The infamous "c word" as it is applied to Star Trek is a joke.
More to the point, it came about in the early 1980s and turned fan against fan. This practice is still going on today. Paramount in turn used it to exploit gullible geeks into buying (or Not buying) various publications.
It goes something like this... GR first comes along and says that only the first two season of TOS are canon and the rest isn't. That includes TAS as not being canon.
Then various TNG episodes and works obviously don't follow this, and why should they? It's all Star Trek. Then the geeks start to appear and begin asking questions about various books being canon. So some king geek invents new words such as Semi-Canon, Pseudo-Canon, and others. Or a Canon Scale. Fans keep arguing. After GR dies, Paramount starts issuing BS about old publications such as blueprints and manuals which were fully authorized by GR, but are now non-canon. This is because they weren't published by Pocket Books but by Bantam and Ballantine. Rival publishers. So in order to maximize their money, Paramount dictates that these are non-canon, despite their obvious influence on Trek films and even Appearance in films. Conversely, Paramount authorizes a few cutaway posters which sell for many times their worth as being Canon because they're making money on it. Their research is piss-poor as are simple spelling of words. But, you know, They're CANON because they're saying so. So fans buy the crud up in droves. Meanwhile a RPG company named FASA which was 100% Paramount licensed and enjoyed by many fans in the 1980s is later called Non-Canon by the same suits because FASA didn't want to pay the increased royalties and what not. So New RPGs are invented which are piss-poor researched and consist of lots of glossy photos and no substance but is called Canon by TPTB because they're licensed... This BS goes on and on, back and forth. Later episodes of spinoff Trek series start using info from TAS episodes--but is TAS canon? Not according to TPTB because of certain licensing issues like the use of Larry Niven's Kzinti who put them there from his own Known Space series into TAS himself but wants to be paid for so much as uttering their name. So TAS is a no-no despite virtually all TOS fans accepting it as a continuation of TOS, at least so far as the stories are concerned. Meanwhile some pipsqueaks who have Titles at Paramount Pictures Trek production offices like Michael Okuda and Rick Sternbach are The only people Authorized to publish anything Treknical for the fans, even if they take the material as half-jokes themselves and constantly contradict themselves because to them it's just a TV show. This automatically cuts out All of the more polished and professional Treknical experts who've published some really splendid works--Out of the Canon category.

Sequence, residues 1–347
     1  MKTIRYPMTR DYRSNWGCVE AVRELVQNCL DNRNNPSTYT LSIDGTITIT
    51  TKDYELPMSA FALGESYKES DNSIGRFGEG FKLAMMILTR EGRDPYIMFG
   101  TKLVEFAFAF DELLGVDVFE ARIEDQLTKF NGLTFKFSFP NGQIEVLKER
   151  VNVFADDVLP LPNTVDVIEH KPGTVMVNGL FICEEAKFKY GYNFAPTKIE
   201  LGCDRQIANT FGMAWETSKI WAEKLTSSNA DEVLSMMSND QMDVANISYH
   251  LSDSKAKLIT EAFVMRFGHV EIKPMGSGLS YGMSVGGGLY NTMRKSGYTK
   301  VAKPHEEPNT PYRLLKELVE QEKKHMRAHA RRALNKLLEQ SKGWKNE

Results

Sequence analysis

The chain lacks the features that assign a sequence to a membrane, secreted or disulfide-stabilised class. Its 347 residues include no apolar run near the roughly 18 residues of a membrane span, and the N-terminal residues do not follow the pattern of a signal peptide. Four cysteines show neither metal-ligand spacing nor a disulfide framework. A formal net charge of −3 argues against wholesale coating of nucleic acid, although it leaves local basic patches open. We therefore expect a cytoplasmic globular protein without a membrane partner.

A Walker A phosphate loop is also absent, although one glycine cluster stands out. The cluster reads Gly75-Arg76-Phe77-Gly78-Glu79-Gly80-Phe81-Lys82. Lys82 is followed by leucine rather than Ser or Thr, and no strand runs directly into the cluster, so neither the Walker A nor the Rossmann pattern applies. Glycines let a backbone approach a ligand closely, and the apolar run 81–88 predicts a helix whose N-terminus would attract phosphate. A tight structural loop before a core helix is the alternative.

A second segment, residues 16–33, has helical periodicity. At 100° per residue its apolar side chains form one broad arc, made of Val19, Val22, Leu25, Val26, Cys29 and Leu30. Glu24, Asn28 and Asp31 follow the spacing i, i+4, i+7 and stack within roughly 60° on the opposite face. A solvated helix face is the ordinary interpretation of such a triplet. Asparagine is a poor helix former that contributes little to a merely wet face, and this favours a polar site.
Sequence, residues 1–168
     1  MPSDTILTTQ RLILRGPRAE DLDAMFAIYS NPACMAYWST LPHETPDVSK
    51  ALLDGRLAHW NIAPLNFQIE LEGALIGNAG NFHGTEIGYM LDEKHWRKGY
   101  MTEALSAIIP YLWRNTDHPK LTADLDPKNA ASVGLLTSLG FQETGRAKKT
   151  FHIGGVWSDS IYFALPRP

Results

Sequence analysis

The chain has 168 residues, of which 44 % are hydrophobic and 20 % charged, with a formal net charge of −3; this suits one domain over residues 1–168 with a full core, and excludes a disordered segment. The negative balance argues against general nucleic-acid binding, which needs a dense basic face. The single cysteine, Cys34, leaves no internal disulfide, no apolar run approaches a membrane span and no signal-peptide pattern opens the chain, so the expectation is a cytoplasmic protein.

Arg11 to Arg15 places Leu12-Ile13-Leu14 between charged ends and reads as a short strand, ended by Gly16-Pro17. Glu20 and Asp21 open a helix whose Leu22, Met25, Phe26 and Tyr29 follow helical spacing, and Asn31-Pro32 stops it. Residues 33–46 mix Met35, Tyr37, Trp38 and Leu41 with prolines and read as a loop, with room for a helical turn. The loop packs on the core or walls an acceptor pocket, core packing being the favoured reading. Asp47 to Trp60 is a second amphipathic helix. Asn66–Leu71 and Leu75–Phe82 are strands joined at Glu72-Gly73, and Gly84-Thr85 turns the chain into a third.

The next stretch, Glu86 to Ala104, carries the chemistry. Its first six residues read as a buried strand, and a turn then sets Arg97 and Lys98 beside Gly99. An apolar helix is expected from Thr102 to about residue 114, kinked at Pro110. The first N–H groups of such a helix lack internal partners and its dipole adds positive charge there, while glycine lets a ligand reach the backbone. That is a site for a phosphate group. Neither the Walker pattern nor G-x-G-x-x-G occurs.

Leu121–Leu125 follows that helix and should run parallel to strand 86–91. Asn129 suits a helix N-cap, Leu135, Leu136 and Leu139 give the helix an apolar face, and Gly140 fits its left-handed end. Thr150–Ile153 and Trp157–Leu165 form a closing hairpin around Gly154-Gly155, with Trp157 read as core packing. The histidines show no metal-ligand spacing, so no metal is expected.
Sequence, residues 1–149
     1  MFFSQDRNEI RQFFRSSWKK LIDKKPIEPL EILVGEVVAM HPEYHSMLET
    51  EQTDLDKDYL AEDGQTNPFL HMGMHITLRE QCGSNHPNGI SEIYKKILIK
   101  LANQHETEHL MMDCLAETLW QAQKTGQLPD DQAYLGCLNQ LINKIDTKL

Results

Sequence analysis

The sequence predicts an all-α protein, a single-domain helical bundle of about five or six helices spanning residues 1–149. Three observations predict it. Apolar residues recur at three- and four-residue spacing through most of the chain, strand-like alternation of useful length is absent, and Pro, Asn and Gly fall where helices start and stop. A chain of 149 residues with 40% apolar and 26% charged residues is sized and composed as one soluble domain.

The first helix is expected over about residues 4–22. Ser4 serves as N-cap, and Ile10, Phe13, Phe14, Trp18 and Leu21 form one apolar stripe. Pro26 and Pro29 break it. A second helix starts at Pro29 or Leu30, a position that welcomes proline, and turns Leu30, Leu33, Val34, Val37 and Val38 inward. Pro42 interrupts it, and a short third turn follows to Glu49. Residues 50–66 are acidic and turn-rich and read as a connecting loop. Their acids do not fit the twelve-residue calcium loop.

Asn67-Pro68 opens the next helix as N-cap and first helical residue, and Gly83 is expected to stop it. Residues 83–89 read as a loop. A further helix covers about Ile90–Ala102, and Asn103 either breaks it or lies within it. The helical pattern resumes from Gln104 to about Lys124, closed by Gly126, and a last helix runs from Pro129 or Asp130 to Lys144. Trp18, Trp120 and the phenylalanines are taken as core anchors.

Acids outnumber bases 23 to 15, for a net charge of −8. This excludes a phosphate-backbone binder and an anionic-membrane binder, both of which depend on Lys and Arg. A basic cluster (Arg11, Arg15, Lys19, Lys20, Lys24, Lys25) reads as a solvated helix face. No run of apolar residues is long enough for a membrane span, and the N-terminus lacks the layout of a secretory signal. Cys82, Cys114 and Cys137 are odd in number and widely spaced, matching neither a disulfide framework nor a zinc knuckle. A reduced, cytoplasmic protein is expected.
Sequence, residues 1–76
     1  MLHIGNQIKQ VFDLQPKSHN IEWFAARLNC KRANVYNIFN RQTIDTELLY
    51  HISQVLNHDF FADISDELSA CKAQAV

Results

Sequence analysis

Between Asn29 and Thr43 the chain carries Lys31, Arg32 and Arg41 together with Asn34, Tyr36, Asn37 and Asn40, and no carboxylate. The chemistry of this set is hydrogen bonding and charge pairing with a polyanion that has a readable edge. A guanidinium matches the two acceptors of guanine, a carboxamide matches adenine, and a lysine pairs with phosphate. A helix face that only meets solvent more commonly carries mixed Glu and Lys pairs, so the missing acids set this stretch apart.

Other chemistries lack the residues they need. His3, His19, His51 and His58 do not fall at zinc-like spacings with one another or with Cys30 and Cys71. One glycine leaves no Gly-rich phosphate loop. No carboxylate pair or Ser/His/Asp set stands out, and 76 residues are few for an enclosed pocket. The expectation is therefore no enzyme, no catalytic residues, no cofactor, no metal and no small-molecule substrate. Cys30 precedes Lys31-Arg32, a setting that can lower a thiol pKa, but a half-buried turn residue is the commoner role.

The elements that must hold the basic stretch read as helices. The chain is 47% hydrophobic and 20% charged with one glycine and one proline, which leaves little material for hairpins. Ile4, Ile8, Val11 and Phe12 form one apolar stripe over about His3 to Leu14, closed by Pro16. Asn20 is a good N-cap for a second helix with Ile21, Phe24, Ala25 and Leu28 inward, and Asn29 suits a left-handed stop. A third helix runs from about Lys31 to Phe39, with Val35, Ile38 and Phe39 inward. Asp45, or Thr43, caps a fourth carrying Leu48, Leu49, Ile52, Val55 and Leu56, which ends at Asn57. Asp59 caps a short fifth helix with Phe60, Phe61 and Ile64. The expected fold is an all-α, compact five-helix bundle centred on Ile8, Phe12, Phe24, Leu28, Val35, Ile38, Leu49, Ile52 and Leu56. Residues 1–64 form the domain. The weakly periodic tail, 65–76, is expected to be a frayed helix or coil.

While all the above is going on, Pocket Books original Star Trek novels went through various phases of changes including a "disclaimer" section following the copyright about the novel being strictly the author's interpretation of the Trek universe and should not be taken as gospel, blah blah blah... These things change as often as cover artists and fonts, but that doesn't stop some fans from noticing it and thinking that These books are Less Canon than other novels. So a big firefight erupts over that. Taken all together we have fans fighting over fans over what is more "real" in Trek and what is less "real" in Trek. This affects the sales of books and merchandise and makes Star Trek fans look like total assholes.
My take is that Canon is a kid's word and I avoid it like the plague. I take All of Star Trek in as a vast multiverse of Treks. Some things fit better than others. Those that fit the best I accept, even if it comes from some B novel written in the 1970s or some long-forgotten blueprint package or RPG. Even if someone new comes along which everyone is quick to accept, I will scrutinize it and see how well it fits into My own personal perspective of Trek, regardless of who or what came up with it. A good example is the atrocious publication called Star Trek Star Charts which contradicts a much older and more plausible Star Trek Maps, and is in fact a cheap rewrite of the former, shrinking UFP space down to fit the ridiculous demands of Star Trek: Enterprise. In it, Procyon is now the sun which Andor (or Andoria) orbits. For 40 years virtually every Treknical reference placed Andor in orbit of Epsilon Indii, but this new author had to be different or careless. I disregard the new and accept the old in this instance.